The DeepSec experience

The DeepSec experience

Dec 07, 2023
Written by Thimo De Souter

Taking place in the picturesque city of Vienna, DeepSec is a yearly cyber security conference which attracts all types of computer enthusiasts, hackers and security professionals. A wide range of topics are covered by both local and international speakers.

I was fortunate enough to be able to attend this completely sold-out 2023 edition.

Located in the Renaissance Wien hotel, the conference hosts two tracks, so hard decisions had to be made regarding which talks to attend.

Day 1: Interesting talks about Putin’s Shadow war, the phone of Paris Hilton and SAP as cyber weapon

We started the first day off with a less technical, but nevertheless interesting talk: Putin's Shadow War. Presented by Swedish journalist Maria Georgieva. She explained how OSINT was used to gather evidence that Russia was performing espionage missions with the goal of mapping critical infrastructure. 

Next up was Scott Shapiro, he revealed the long-awaited truth about how Paris Hilton's phone was hacked. Unexpectedly, this was not a tale of a sophisticated cyber-attack, executed by exploiting deep-rooted technical flaws. But rather how a teenage boy was simply able to re-assign Paris Hilton's phone number to himself, using only the T-Mobile website. In their haste to build one of the first iterations of the smartphone, it appears T-Mobile neglected to include process security in their blueprints. A costly lesson.

In the last presentation before lunch, we heard from Andreas Wiegenstein, who talked about SAP as a Cyber Weapon. A topic which was unknown to me. It mainly covered the different ways a company's SAP infrastructure could be exploited in a post-compromise scenario. Seeing as a company's development, QA and production environments are often linked to each other, an attacker who manages to get a foothold in a poorly secured development machine could pivot to the production environment.  He also explained how SAP's own programming language (ABAP) could be used to create malware implants which are extremely difficult to detect.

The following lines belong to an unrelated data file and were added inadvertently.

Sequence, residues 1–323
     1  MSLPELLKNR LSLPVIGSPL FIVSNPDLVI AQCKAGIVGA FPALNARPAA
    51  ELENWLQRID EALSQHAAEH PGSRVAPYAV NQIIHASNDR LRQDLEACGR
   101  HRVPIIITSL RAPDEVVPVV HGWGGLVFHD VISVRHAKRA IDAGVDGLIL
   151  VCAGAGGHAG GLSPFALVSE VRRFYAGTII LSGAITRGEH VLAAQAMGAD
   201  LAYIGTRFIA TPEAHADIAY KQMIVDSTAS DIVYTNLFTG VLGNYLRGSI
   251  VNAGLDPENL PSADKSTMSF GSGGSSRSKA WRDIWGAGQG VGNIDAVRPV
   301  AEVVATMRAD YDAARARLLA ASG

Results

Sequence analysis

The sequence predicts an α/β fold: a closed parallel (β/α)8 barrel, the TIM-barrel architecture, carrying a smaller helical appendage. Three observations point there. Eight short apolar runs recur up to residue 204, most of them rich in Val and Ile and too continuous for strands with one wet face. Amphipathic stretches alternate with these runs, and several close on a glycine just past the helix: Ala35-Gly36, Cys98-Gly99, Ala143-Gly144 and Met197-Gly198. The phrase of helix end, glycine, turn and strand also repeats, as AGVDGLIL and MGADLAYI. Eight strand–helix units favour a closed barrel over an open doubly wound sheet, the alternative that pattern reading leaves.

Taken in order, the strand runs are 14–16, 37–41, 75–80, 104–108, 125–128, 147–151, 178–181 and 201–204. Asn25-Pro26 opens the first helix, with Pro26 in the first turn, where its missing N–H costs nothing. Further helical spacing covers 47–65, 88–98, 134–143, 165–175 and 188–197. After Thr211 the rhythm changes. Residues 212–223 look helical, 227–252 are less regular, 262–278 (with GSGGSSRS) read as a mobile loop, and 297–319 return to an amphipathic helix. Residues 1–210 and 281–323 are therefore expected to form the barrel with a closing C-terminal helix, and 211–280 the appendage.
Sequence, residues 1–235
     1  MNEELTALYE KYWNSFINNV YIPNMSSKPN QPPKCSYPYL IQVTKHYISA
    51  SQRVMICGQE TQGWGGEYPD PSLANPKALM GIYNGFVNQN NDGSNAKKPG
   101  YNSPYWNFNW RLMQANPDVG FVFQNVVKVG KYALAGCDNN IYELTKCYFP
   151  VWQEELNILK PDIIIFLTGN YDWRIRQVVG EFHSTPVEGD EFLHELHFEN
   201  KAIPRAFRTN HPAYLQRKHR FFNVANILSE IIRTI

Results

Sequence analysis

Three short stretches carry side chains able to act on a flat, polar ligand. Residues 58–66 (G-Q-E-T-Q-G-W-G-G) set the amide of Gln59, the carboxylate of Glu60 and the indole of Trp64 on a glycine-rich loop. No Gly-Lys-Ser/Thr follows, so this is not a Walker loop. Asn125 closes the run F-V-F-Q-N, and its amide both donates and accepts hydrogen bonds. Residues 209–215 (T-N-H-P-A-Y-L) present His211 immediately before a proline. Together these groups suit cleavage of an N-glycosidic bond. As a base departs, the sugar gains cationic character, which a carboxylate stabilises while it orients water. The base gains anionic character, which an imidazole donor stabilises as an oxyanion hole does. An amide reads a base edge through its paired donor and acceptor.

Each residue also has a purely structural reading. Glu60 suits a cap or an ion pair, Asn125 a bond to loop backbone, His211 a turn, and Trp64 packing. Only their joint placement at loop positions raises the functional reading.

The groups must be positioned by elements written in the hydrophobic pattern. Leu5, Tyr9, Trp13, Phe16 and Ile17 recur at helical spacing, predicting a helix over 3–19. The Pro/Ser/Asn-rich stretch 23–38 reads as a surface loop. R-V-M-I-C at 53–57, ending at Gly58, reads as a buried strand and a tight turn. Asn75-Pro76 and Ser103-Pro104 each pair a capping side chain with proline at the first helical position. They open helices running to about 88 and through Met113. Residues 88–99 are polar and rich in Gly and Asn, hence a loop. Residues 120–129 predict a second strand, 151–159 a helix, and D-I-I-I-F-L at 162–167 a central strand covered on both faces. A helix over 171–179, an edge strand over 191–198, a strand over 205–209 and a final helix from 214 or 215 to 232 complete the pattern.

The final presentation of the first day, was brought by Moritz Abrell. He exposed multiple vulnerabilities in Zoom's zero-touch provisioning functionality for IP/desk phones, such as hard-coded secret keys, lack of immutable trust, and the absence of ownership verification. By combining these flaws, the IP phones could be completely compromised, sometimes even remotely!

Day 2: AI in phishing campaigns, privacy in a COVID tracking app, and micro attack simulations

Artificial Intelligence seems to be everywhere lately, even in phishing campaigns! Alexander Hurbean & Wolfgang Ettlinger performed a deep dive into their phishing methods, which are created and automated with the help of various AI tools. Both the offensive and defensive sides were touched upon in their presentation, which also included multiple very convincing "deepfakes", which can be used in (voice)phishing or similar social engineering attacks.

Can we have privacy in a government mandated COVID tracking app? That was a question asked by Abraham Aranguren, a security researcher from 7ASecurity. He analysed the "LeaveHomeSafe" app, which was used by the Hong Kong government to track and prevent the spread of COVID-19. All residents had to install and use this app to scan a QR code whenever they left their homes and visited a place of business.